BASHIBA works on the early edge of new ideas and concepts. We work with intangible materials (light) to create new meanings (invisible though real). BASHIBA Rings stems from a desire to turn some of our ideas into permanent objects that people can wear forever. We simply love the idea of printing our designs with a 3D Metal Printer.
Designed by BASHIBA and printed by Shapeways. BASHIBA Rings, Visit our Store on Shapeways.com
BASHIBA RAW WAVES RING
3D Printed in Stainless Steel or Premium Silver by Shapeways
The ocean, and in consequence the waves, can be related to the movement, the temporary, the ephemeral, the fleeting, the flexible and even the random. One of the principal ideas of this ring is to remind us that life can be transitory; but, our actions and attitudes towards it, not necessarily are.
"You must live in the present, launch yourself on every wave, find your eternity in each moment. Fools stand on their island opportunities and look toward another land. There is no other land, there is no other life but this."
-- Henry David Thoreau
Technology Review Blog, January 27, 2012:
Something interesting happens when the cost of tooling-up falls. There comes a point where your production runs are small enough that the economies of scale that justify container ships from China stop working. There comes a point where making new things isn't a capital investment but simply a marginal one.
FastCompany, September 20, 2011:
World's First 3-D Printed Car. Stratasys and Kor Ecologic teamed up to develop the first 3-D printed car, a vehicle that has its entire body 3-D printed layer by layer until a finished product emerges.
BBC News, September 16, 2011:
Artificial blood vessels made on a 3D printer may soon be used for transplants of lab-created organs.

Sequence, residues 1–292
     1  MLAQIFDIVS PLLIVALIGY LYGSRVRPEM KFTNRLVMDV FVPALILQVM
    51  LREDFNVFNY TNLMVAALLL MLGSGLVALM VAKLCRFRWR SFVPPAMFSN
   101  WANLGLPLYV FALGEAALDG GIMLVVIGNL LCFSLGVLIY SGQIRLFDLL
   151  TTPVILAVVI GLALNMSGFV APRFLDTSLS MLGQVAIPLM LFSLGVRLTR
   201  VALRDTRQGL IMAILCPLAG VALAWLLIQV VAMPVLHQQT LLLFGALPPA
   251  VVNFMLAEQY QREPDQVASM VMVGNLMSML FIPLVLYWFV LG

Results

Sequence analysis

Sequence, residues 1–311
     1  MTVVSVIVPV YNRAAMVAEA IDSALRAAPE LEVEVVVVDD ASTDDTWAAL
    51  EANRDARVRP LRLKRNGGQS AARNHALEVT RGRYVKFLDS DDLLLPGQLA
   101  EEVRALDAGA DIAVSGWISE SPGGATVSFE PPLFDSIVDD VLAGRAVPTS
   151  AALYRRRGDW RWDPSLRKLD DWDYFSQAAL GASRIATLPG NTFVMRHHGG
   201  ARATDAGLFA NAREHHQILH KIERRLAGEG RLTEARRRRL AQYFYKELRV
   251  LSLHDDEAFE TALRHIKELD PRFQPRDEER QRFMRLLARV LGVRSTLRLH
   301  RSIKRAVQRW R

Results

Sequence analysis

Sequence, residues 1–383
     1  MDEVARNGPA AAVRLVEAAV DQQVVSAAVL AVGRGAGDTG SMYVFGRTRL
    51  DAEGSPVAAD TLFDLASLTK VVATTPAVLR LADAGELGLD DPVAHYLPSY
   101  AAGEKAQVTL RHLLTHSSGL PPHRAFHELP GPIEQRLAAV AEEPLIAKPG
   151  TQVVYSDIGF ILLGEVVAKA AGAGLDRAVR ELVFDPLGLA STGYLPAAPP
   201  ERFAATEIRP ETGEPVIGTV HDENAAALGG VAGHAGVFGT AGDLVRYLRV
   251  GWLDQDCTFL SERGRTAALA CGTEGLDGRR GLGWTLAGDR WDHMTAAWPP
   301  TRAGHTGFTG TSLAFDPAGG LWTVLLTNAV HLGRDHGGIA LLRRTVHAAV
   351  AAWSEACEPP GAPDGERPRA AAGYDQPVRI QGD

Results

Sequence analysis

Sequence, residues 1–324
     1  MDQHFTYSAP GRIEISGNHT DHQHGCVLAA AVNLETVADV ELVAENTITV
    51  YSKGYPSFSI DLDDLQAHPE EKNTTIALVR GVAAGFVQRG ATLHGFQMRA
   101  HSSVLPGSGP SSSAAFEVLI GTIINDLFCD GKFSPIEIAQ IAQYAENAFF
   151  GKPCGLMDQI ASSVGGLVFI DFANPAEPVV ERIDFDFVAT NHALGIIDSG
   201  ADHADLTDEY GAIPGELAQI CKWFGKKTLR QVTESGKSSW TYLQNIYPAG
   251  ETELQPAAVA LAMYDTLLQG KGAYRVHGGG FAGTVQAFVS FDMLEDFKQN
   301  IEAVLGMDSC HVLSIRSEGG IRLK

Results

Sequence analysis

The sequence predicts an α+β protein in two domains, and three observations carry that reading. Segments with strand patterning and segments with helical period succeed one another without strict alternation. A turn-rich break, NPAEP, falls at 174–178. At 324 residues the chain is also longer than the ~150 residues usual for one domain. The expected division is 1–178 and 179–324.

To print something as small and complex as a blood vessel, the scientists combined the 3D printing technology with two-photon polymerisation - shining intense laser beams onto the material to stimulate the molecules in a very small focus point. The material then becomes an elastic solid, allowing the researchers to create highly precise and elastic structures that would be able to interact with a human body's natural tissue. So that the synthetic tubes do not get rejected by the living organism, their walls are coated with modified biomolecules. Such biomolecules are also present in the composition of the "inks" used for the blood vessel printer, combined with synthetic polymers.
"We are establishing a basis for applying rapid prototyping to elastic and organic biomaterials," said Dr Tovar.
"The vascular systems illustrate very dramatically what opportunities this technology has to offer, but that's definitely not the only thing possible."
NZZ, September 7, 2011:
"Selten herrscht in der englischsprachigen Medienwelt so viel Einigkeit: Ob «Economist», «New York Times», «New Scientist», «Wired» oder «Technology Review», alle schreiben sie von einer zweiten industriellen Revolution, die sich im Stillen anbahne und «jeden einzelnen Aspekt unseres Lebens verändern» werde. Warum die Aufregung? Die Rede ist von einer Technologie, die umgangssprachlich unter dem Namen 3-D-Druck bekannt ist, präziser aber als generative Fertigung oder Additive Manufacturing bezeichnet wird. Der Begriff bringt verschiedene Verfahren unter einen Hut, die alle dasselbe Grundprinzip haben: Ein Objekt wird nicht mehr gegossen, gefräst oder gedreht, sondern stattdessen Schicht für Schicht nach einer digitalen Vorlage aufgebaut – je nach Prozess aus Metall oder Kunststoff. Die entsprechenden Maschinen können gross, teuer und präzise sein, wie sie die Industrie benötigt; es gibt aber auch kleine, preiswerte 3-D-Drucker für den Hausgebrauch."
The Economist, February 10, 2011:
"Three-dimensional printing makes it as cheap to create single items as it is to produce thousands and thus undermines economies of scale. It may have as profound an impact on the world as the coming of the factory did....Just as nobody could have predicted the impact of the steam engine in 1750, or the printing press in 1450, or the transistor in 1950, it is impossible to foresee the long-term impact of 3D printing. But the technology is coming, and it is likely to disrupt every field it touches."